Most of the time on this blog I choose to keep it light, poking fun at the so-called creative class in Houston and Texas as a whole, maybe a puff piece on travel, pointing out the obvious flaws in the sardine-urbanist's theories and then calling it a day. Semi-frequently I'll step into the deep end and point out how terrible Texas Lock Step Political media is, or how hypocritical (and bad) ChronBlog has become etc. but there's a pretty good chance that I'm not going to attempt to take on the big issues, mainly because this is a personal blog (used mostly for writing practice) and I really don't have the time, or desire, to really dig my teeth into something serious.
Today however we're going to talk about a rather meaty topic, something of utmost importance to all of us (excepting rabbit/human hybrids of course) Bar-B-Que. (or BBQ, or barbecue, 'cue, etc.)
It's become a necessity because a really brash, fast-talking, know-it-all food writer from New York has recently generated somewhat of a storm by suggesting that New York City is now a better BBQ "city" than Texas. Ok well, first, I think you see the problem here. No, not that Texas BBQ is a State thing (there is that) but that comparing different BBQ regions is an exercise in insanity. There are people in Memphis who believe that the dry ribs at Rendezvous are the best ever, and disparaging KC Masterpiece is almost a criminal offense. If you try to explain to a Carolinian that, in Texas, we use pork ribs as training meat for our kiddies until they're ready to cook brisket it could lead to fisticuffs. BBQ is more cultural than definitive, it's hardly a set-in-stone proposition. I blame Texas Monthly for much of this. When they named Snow's as the "best" BBQ in Texas, veering away from a long tradition of naming the "top 5", they opened up a world where BBQ was not a cultural experience, but something to be rated, something for people to judge others on, much like the silly wine rankings issued by Robert Parker. What Ozersky is really saying, is that New York City finally has a BBQ scene worth mentioning and that they now view themselves as the best, just like every other BBQ region in the world.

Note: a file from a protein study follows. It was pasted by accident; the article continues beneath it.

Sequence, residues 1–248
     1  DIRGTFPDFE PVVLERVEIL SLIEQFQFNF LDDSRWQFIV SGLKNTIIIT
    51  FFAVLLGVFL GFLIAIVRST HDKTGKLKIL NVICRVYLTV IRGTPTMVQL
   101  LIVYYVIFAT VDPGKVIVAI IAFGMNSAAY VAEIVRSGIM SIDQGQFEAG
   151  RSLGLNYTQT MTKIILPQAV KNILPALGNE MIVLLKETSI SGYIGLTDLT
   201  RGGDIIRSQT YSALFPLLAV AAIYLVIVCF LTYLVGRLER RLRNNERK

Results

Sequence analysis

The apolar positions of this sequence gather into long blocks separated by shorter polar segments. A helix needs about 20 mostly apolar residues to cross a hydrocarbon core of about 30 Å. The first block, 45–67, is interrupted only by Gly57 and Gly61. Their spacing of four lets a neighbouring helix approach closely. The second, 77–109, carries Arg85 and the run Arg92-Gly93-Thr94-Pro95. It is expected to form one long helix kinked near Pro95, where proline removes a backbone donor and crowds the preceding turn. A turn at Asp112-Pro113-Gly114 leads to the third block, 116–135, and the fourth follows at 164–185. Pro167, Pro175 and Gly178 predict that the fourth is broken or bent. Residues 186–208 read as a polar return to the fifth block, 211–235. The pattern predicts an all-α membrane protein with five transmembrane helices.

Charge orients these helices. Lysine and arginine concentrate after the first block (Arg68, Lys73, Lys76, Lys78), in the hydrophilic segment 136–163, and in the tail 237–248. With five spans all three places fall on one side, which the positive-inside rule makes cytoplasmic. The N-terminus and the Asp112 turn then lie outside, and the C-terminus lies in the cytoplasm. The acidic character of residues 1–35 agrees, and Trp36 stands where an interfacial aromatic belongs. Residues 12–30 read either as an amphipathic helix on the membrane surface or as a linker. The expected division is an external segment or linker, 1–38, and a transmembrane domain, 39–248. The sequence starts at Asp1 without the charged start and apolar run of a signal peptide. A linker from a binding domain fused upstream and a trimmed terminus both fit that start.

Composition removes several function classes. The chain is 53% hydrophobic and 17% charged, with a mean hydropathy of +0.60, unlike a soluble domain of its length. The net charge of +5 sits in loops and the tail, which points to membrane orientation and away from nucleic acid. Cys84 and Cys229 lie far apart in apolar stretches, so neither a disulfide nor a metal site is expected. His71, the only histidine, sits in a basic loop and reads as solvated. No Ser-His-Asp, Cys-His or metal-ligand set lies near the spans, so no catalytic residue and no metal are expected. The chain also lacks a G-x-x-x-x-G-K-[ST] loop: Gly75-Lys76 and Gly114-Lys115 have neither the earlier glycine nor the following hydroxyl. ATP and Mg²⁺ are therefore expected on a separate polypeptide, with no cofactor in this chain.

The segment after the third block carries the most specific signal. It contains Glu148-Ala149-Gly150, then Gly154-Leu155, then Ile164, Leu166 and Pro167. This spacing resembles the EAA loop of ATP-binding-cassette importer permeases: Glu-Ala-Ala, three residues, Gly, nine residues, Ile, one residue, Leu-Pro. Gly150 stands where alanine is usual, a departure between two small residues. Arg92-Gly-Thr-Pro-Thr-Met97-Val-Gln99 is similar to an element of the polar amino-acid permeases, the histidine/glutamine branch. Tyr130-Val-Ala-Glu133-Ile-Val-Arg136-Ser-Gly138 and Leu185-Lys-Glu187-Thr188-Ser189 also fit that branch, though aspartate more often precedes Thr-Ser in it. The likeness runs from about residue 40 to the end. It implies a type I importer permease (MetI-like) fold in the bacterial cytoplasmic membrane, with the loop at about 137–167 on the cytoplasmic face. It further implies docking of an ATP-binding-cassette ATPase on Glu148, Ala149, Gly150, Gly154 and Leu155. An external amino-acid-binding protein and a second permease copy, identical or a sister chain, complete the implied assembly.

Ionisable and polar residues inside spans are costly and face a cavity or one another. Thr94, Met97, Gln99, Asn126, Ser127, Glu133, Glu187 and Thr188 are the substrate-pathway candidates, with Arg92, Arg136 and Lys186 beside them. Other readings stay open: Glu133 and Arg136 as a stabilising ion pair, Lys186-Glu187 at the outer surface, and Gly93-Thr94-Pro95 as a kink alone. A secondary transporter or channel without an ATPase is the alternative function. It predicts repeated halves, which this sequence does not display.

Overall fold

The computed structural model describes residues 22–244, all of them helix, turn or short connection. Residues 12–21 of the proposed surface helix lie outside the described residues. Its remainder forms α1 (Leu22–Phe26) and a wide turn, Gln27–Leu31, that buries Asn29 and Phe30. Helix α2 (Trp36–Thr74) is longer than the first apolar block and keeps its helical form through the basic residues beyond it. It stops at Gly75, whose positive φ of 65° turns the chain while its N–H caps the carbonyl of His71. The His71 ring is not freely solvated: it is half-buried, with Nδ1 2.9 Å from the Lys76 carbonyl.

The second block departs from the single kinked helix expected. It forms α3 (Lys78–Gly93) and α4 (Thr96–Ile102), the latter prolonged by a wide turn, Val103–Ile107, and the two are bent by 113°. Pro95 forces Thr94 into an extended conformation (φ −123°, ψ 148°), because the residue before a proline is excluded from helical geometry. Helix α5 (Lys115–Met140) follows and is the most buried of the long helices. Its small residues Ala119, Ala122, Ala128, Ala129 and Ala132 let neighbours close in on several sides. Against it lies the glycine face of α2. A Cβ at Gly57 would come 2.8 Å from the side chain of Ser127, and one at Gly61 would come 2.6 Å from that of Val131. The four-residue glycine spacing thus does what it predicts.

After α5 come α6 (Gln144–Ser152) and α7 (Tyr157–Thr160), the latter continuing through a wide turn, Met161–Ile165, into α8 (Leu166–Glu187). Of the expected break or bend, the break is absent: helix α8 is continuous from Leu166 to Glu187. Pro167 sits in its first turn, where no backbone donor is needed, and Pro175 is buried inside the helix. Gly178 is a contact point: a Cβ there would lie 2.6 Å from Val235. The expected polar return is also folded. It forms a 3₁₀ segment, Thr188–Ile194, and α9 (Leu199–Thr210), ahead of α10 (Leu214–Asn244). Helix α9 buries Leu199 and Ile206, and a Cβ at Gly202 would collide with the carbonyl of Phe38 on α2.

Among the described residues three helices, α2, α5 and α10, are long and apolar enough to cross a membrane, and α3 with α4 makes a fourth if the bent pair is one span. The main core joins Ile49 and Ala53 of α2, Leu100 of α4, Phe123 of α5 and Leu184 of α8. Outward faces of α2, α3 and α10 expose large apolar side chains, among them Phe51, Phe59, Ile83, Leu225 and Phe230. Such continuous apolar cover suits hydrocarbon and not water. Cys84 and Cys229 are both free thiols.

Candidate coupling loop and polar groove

In a way, this is indicative of the problems surrounding the entire FoodBorg. This reflexive necessity to bring a caste structure to food is becoming overwrought. That you have found you lack an affinity for pickled pork sinus garnished with the reduced gall bladder fluid of virgin robins served over a bed of slightly charred nutria fur is not simply a matter of palate, but it has morphed into an indication of your class. Because of this blight, a seemingly very nice lady was brutally mocked for having the audacity to enjoy her dining experience in (GASP!) Olive Garden. More recently, some FoodBorg blow hard enjoyed his 15 minutes of national fame by doing nothing more than picking on the lower class. This is not a defense of either Olive Garden or Guy Fieri, but it is a warning that, when reading food reviews from the FoodBorg, it is necessary to realize from whence the author is coming.